The U.S. Energy Information Administration’s new mapping tool announced Wednesday shows how such a flood could drown some of the nation’s most critical energy infrastructure — power plants, oil and gas wells, solar power installations, etc.
U.S. Energy Information Administration map of the flooding potential in Tampa, Fla. The blue shade represents 100-year flood risk, encompassing power plants south of downtown.
Click image to enlarge. Credit: EIA
The tool uses Federal Emergency Management Agency flood hazard data together with the EIA’s energy infrastructure data to show which power plants, oil wells and other installations are most vulnerable to flooding.
It’s clear from the map that a lot of our power sources could easily be flooded in a hurricane or flash flood.
For example, with 2013’s devastating Colorado floods still fresh in residents’ minds there, the map shows that numerous oil and gas wells in Colorado’s Boulder Creek floodplain north of Denver are vulnerable to future deluges.
Similarly, the map shows that power plants in low-lying coastal cities such as Tampa, Fla., are at risk.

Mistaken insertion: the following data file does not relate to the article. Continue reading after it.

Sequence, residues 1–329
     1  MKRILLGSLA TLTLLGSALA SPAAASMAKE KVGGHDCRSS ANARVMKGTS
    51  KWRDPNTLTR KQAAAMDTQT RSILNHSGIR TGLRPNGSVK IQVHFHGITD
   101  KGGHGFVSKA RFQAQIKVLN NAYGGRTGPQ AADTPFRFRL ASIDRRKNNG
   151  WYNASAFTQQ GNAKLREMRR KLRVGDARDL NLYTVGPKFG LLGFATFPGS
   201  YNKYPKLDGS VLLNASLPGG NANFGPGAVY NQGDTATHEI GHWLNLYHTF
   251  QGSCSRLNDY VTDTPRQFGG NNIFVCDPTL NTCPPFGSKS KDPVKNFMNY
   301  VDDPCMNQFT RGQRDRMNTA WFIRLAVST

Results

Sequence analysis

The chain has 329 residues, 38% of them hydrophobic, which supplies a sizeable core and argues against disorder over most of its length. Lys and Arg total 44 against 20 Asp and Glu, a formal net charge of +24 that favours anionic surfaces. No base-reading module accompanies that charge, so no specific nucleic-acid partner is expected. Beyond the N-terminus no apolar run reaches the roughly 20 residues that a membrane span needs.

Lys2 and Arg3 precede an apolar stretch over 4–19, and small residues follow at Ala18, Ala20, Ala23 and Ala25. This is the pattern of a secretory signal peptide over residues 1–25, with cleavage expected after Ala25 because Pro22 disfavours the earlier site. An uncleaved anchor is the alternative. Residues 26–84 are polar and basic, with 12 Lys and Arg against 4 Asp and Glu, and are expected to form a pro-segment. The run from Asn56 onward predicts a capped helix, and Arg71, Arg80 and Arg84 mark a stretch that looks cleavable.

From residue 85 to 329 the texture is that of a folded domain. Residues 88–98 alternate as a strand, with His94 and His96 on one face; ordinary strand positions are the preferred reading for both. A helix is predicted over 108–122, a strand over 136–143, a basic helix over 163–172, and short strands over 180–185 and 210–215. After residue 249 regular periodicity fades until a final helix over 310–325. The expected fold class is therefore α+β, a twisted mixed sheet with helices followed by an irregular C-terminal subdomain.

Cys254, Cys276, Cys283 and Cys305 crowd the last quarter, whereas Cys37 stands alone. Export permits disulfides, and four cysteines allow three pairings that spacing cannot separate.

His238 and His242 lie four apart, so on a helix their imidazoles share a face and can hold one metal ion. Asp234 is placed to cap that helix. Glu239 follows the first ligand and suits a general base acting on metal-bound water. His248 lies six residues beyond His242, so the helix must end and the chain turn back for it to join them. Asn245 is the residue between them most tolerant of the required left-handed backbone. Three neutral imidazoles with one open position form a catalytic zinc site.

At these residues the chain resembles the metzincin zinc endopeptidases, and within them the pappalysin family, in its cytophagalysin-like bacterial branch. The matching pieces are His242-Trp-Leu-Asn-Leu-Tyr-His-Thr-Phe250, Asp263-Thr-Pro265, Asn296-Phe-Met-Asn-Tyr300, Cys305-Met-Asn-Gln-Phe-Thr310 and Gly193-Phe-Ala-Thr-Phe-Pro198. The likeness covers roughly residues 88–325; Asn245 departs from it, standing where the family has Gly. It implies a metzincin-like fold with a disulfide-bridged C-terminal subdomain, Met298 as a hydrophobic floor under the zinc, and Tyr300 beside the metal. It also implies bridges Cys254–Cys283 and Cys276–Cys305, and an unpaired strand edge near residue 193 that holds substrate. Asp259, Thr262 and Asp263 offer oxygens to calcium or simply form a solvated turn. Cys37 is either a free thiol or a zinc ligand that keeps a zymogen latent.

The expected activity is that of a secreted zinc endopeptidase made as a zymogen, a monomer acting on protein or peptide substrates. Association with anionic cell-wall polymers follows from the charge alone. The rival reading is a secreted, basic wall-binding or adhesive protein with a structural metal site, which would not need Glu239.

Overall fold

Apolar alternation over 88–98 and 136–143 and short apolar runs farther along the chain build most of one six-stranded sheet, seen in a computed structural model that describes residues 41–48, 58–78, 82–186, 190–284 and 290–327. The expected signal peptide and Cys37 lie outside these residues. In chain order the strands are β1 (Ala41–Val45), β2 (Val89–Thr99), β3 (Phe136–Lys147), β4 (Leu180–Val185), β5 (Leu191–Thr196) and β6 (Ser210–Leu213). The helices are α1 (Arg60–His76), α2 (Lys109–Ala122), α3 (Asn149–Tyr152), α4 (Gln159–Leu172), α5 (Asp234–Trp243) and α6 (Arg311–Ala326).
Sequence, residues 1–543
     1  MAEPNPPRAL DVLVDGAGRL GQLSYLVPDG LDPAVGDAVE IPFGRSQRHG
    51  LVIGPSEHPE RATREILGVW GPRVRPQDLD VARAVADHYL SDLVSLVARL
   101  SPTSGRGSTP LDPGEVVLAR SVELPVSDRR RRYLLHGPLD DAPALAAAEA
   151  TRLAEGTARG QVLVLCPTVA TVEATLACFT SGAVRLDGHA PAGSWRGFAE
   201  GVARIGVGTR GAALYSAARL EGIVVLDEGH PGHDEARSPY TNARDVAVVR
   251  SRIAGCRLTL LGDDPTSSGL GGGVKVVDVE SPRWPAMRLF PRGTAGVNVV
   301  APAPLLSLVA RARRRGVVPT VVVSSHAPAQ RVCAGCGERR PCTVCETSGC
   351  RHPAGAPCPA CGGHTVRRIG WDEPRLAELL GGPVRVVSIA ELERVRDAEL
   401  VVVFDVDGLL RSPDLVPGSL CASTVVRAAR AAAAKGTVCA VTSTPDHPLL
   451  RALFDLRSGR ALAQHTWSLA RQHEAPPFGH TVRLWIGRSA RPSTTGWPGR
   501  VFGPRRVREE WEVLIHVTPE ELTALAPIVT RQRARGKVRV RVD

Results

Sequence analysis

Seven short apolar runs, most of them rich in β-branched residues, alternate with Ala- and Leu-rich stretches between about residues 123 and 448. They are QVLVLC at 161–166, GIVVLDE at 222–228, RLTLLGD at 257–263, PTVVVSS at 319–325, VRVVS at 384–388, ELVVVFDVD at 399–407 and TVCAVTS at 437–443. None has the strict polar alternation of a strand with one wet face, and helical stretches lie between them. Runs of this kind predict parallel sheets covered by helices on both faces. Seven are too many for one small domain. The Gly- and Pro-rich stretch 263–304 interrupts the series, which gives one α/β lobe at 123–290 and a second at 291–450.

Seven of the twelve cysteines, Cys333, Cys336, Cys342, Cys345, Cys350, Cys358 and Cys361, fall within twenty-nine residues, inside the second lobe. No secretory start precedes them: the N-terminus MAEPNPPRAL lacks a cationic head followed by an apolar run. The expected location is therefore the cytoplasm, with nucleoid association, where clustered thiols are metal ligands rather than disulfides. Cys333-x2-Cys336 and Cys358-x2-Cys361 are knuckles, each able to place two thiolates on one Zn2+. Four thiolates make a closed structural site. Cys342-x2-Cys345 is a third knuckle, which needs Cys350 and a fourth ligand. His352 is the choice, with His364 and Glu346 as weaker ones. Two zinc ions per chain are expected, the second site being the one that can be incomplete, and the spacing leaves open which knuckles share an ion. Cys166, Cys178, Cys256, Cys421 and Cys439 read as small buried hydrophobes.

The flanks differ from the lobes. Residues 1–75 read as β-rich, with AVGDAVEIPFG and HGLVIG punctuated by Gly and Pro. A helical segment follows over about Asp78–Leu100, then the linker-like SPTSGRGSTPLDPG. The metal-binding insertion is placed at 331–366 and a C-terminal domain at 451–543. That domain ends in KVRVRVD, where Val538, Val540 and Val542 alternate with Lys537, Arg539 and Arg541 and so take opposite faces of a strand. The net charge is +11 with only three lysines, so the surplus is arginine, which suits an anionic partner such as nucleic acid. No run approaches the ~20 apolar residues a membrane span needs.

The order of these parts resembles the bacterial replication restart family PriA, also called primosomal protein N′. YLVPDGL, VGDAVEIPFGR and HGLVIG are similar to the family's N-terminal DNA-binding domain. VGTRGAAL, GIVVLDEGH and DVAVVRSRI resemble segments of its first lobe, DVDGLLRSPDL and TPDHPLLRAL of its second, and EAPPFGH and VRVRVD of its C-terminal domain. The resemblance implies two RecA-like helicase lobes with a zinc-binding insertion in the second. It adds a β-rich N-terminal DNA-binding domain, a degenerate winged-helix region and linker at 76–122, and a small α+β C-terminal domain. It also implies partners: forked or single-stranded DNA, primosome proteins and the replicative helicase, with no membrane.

The new map has its limits, though, as it excludes broad swathes of hurricane-prone coastline and the effects of sea level rise caused by climate change.
“I believe the flood hazard information is based on FEMA’s current assessment rather than a projection of future conditions,” EIA spokesman Jonathan Cogan said.
Absent from both the EIA maps and FEMA flood data are nearly all of the Texas, South Carolina, Maryland, Maine and southern New Jersey coasts, as well as New Orleans and much of the Louisiana coastline. It also excludes areas of oil and gas-rich northeast Colorado heavily damaged in the 2013 floods there. Flood risk maps of those regions are in the process of being digitized, according to the EIA.